India is a country caught in turbulent times. Massive protests have been waged all across the country in the past few months which have questioned the role of the government and the right of the people to oppose the reforms suggested by the incumbent government. Voltaire said "I disapprove of what you say, but I will defend to the death your right to say it". However, in recent times it appears that the role of the government and the judiciary in censoring the voice of the Indian citizen has been questioned.
The Emergency of 1975 is an apt example of the abuse of the government's censorship power to censor the media. For a period of nearly 2 years, up to 1977, the government had imposed strict censorship on what could be published in newspapers. Media houses were raided, publishing houses were put out of business and journalists were threatened with arrests in case they published anything contrary to government views. There were entry restrictions on foreigners. Therefore, even the foreign media received very little information on what was happening in the country during that period. However, the times have changed, especially after the period of liberalization, privatization and globalization that began in India in 1991.
Law and Censorship
As per law, one can say that to censor means "to officially inspect (especially a book or a film) and delete material considered offensive. However, it is generally the government which has the power to decide whether censorship is possible or not.
On one side, the curtailment of the internet in Kashmir for over 150 days has raised an uproar against the government for curbing free speech while, on the other side, the trend of spreading fake news without any regulatory measures to control social media platforms has raised the question of the desirability of granting a completely free hand to the media.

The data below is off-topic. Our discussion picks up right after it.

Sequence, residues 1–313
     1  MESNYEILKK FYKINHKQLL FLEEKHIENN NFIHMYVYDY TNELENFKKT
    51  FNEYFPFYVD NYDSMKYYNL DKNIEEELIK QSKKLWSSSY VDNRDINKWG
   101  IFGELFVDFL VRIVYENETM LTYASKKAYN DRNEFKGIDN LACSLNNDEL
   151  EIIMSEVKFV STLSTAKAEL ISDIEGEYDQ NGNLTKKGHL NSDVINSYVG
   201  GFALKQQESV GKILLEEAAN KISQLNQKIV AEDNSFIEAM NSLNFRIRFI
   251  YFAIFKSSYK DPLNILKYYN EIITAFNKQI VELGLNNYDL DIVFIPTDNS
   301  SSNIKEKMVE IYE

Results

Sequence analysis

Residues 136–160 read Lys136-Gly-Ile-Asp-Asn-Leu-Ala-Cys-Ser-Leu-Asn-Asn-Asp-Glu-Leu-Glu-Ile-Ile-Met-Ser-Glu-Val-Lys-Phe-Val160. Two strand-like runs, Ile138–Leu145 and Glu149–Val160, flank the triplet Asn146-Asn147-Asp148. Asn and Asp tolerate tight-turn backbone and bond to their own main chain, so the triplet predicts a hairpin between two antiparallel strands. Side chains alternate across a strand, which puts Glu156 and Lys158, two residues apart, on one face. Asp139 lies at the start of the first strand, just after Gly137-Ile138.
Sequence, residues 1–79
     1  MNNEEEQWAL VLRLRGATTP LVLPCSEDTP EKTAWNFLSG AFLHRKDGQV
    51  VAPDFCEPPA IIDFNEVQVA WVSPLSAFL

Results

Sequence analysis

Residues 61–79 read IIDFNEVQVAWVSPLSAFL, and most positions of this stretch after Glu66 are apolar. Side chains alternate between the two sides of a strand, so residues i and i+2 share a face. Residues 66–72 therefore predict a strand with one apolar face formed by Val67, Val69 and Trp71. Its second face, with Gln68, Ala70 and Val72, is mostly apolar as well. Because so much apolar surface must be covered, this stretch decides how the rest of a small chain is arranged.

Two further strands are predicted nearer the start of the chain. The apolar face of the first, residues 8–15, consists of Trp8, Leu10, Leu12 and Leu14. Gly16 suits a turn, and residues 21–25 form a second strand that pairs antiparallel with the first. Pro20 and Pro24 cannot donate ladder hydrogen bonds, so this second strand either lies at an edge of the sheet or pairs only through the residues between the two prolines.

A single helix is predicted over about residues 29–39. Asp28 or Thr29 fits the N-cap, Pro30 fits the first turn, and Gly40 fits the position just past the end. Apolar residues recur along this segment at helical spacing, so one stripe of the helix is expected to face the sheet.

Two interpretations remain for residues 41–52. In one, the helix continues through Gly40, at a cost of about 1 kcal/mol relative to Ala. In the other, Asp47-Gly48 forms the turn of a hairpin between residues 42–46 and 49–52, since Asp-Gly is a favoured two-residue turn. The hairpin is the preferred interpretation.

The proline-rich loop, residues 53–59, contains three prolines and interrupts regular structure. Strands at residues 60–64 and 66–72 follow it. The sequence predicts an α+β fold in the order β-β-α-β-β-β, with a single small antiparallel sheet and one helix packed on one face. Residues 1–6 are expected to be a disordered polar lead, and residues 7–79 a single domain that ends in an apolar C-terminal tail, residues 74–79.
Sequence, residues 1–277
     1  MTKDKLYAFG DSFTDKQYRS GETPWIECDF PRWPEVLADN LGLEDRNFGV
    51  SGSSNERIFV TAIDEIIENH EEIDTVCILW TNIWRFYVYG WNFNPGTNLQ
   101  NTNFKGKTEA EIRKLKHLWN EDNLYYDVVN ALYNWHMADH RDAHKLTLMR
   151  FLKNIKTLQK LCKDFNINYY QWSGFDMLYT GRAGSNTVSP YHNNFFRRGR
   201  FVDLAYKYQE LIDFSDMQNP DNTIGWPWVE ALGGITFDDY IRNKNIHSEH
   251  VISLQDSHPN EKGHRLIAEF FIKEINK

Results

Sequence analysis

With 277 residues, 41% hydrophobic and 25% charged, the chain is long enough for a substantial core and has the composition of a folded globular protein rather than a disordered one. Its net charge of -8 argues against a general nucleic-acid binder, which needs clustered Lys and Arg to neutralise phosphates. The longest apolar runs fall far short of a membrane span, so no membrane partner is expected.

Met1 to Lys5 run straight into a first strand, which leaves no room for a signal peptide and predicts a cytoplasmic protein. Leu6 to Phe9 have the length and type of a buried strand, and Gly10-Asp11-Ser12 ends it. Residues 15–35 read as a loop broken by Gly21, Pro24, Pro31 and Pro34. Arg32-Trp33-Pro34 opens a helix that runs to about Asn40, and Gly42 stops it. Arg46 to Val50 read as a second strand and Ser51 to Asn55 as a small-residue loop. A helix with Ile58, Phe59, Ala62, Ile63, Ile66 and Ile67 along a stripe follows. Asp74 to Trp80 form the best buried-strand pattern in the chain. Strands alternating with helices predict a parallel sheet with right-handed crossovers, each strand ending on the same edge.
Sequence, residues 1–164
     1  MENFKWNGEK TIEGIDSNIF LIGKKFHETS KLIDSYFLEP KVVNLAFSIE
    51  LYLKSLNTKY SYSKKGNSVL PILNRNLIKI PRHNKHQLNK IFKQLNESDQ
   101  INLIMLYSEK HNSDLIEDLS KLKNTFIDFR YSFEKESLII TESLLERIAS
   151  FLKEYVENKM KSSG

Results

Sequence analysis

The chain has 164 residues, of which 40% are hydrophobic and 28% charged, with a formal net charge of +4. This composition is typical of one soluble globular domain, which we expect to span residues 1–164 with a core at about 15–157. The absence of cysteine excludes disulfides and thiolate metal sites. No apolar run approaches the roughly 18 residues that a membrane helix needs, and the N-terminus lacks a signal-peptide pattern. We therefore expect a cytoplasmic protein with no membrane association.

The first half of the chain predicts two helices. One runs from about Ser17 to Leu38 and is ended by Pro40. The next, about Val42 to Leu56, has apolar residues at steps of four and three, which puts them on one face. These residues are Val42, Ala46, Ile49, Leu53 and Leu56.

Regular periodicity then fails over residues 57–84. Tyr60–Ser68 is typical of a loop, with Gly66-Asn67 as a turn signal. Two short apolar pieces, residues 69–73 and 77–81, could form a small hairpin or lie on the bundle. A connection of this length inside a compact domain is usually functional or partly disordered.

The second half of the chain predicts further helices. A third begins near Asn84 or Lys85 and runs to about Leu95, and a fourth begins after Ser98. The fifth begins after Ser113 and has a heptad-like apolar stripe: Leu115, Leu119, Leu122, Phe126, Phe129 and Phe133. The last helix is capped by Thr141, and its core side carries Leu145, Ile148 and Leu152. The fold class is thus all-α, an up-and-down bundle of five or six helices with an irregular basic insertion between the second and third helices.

Article 19 of the Indian Constitution gives every citizen of India the right to freedom of expression and opinion without interference. Article 19 allows every citizen to provide and receive information through any media. However, Article 19(2) gives the governments rights to levy reasonable restrictions on Indian citizens in the interest of protecting the sovereignty and morality of the nation.
The government should not suppress an individual's opinion under the garb of censorship. There have been instances where a power struggle between the political parties has resulted in the judiciary being used as the last resort to address such concerns.
Freedom of speech and expression in Media
The law regarding censorship of print media in India is justified based on speech and expression provided as a fundamental right granted under the Constitution. On many occasions, the news publishing houses have been asked to refrain from publishing any anti-government news or news showing fallibilities of the government. This shows that the use of the basic fundamental freedom of speech and expression given under Article 19(1) (a) of the Constitution is left with the government which regulates the use of rights by the watchdog of democracy according to its own will. This, in turn, raises a doubt in the mind of all the citizens that whether the freedom of speech and expression even exists, or it is just a mockery of the principles of freedom of speech and expression and right to know enshrined under the Constitution.
The way forward
The State cannot restrict the freedom of speech for the oversensitive and those who are intolerant of personal opinions. Neither can the State impose regulations on social media which is a mere platform where personal opinions are posted by users. Liability for such online content should not be attached to citizens who are merely positing their view. Laws should be equipped to take action against those responsible for posting illegal/ objectionable/ hateful content online with a view to spread malice and create non-violence.
It is essential to understand that better laws or more policing alone cannot cope with the phenomena of intolerance that the country is witnessing.